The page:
LOS ANGELES (KABC) -- President Joe Biden signed a $1.2 trillion federal infrastructure bill into law, bringing billions of dollars to California for public transit projects, wildfire preparation, bridge and road repair, broadband internet and more.
"No parent should have to sit in the parking lot at a fast food restaurant again just so their child can use the Internet to do their homework. That's over," Biden said.
Members of the California State Legislature and local representatives were in attendance, including Fontana Mayor Acquanetta Warren and Los Angeles Mayor Eric Garcetti.
"This bill will invest millions and produce countless jobs for cities such as Fontana. It will improve roadways, transit systems, our access to clean water," Warren said.
Funding will go out over the next five years, but it could take months or longer for the major projects to begin.
"The infrastructure deal means funding for megaprojects like (Metro's) Sepulveda Transit Corridor, which will revolutionize the way Angelenos get around. With more investment in (Metro's) bus lanes and the (Los Angeles Department of Transportation's) NextGen Bus Plan network, we can speed up our transit system and reduce congestion,'' Garcetti said on Twitter after the bill's signing.
Here's how Los Angeles benefits
Garcetti also said Los Angeles will receive funding for:
-- electrifying Metro's bus fleet by 2030;
-- Metrolink projects, including the Link Union Station project;
-- ecosystem restoration projects, including the restoration of Los Angeles River habitat;
-- Los Angeles International Airport modernization efforts;
-- projects to improve the flow of goods at the Port of Los Angeles;
-- the expansion of the city's electric vehicle charging network;
-- climate resilience and extreme heat mitigation efforts, including through cool pavements and tree canopies;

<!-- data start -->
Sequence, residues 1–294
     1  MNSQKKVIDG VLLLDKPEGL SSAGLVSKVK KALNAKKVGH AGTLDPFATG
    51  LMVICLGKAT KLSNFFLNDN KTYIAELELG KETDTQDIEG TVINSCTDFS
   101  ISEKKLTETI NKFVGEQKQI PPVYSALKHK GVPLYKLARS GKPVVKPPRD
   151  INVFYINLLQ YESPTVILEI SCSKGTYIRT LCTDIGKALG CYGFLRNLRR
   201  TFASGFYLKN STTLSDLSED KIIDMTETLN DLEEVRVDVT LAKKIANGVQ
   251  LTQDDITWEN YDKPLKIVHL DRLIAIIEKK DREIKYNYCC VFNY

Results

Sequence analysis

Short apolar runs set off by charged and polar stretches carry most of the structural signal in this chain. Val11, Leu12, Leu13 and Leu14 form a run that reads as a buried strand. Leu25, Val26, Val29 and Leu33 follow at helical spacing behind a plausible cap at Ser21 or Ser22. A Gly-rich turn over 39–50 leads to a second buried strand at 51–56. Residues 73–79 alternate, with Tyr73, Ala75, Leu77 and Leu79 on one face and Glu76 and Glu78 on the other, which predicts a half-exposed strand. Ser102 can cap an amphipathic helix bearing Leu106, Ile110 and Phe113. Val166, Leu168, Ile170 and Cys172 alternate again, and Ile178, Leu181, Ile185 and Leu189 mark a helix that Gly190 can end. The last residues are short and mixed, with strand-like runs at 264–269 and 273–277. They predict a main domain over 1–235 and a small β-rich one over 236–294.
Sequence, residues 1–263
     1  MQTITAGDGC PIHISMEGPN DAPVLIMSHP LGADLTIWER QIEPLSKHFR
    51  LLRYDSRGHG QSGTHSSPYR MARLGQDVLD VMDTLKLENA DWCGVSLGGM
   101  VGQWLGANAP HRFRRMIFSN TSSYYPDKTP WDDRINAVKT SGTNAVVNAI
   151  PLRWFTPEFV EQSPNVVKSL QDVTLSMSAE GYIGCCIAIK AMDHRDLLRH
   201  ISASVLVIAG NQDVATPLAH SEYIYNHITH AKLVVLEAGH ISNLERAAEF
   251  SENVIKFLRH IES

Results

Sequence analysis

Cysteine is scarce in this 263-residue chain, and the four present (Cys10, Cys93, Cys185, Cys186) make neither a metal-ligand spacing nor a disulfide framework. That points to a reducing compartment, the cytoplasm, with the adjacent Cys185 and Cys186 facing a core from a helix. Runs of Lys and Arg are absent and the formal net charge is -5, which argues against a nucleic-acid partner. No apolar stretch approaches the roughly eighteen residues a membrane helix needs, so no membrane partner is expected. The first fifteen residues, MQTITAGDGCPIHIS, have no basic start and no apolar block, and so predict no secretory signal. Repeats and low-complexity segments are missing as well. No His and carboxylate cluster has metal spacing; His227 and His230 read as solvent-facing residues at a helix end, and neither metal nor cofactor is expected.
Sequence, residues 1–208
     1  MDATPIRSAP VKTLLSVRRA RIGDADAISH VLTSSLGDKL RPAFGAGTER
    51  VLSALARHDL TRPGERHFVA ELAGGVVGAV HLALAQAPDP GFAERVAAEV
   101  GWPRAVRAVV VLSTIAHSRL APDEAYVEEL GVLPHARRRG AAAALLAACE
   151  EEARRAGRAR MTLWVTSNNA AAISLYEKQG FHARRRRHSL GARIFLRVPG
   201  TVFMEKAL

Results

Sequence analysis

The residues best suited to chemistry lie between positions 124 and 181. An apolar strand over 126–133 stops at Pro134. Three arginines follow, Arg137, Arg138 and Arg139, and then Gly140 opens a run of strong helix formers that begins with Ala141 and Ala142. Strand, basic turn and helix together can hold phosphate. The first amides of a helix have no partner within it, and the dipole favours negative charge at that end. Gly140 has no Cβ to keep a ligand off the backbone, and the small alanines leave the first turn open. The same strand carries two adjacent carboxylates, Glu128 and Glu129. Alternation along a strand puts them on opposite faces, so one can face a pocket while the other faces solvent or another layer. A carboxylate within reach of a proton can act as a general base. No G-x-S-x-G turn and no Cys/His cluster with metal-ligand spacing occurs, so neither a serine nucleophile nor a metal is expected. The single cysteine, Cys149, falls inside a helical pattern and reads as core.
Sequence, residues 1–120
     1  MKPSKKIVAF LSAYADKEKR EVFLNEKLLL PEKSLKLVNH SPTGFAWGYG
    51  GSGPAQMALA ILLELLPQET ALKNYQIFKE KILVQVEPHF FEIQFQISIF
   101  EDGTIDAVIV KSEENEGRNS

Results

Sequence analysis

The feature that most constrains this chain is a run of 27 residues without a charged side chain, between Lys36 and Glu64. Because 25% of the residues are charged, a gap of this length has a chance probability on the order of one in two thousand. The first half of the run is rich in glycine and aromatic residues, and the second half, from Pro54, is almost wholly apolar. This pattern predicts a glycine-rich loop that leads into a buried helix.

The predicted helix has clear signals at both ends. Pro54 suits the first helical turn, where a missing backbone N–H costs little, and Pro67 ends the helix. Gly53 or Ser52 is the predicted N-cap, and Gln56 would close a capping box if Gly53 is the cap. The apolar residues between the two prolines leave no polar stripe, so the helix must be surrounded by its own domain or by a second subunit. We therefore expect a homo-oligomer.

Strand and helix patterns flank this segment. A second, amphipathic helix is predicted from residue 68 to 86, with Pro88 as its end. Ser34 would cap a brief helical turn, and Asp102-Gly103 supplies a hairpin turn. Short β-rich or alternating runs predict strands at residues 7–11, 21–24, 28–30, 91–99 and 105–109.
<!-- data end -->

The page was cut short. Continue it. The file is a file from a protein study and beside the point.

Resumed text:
-- water recycling and reuse projects; and
-- the city's transition by 2035 to 100% renewable energy.
"This once in a generation deal will transform our nation's infrastructure and L.A. for the better,'' Garcetti said.
Here's how California benefits
Gov. Gavin Newsom praised the bill after it passed Congress on Nov. 6 as a "historic infrastructure package (that) stands to accelerate investments in our clean transportation infrastructure, help mitigate some of the worst impacts of climate change and accelerate new projects that will create thousands of jobs.''
The state is expected to receive:
-- $25.3 billion for federal-aid highway apportioned programs;
-- $4.2 billion for bridge replacement and repairs over five years;
-- $9.45 billion over five years to improve public transportation options across the state;
-- $384 million over five years to support the expansion of an electric vehicle charging network, with the opportunity to apply for the $2.5 billion in grant funding dedicated to electric vehicle charging;
-- at least $100 million to help provide broadband coverage across the state;
-- $84 million over five years to protect against wildfires;
-- $40 million to protect against cyberattacks;
-- $3.5 billion over five years to improve California's water infrastructure and ensure clean, safe drinking water; and
-- $1.5 billion for infrastructure development for airports over five years.
The bill includes legislation introduced by Sen. Alex Padilla, D-CA, to improve tribal health infrastructure, strengthen electrical grids, improve water resiliency, help ensure clean drinking water and electrify school bus fleets.
City News Service contributed to this report.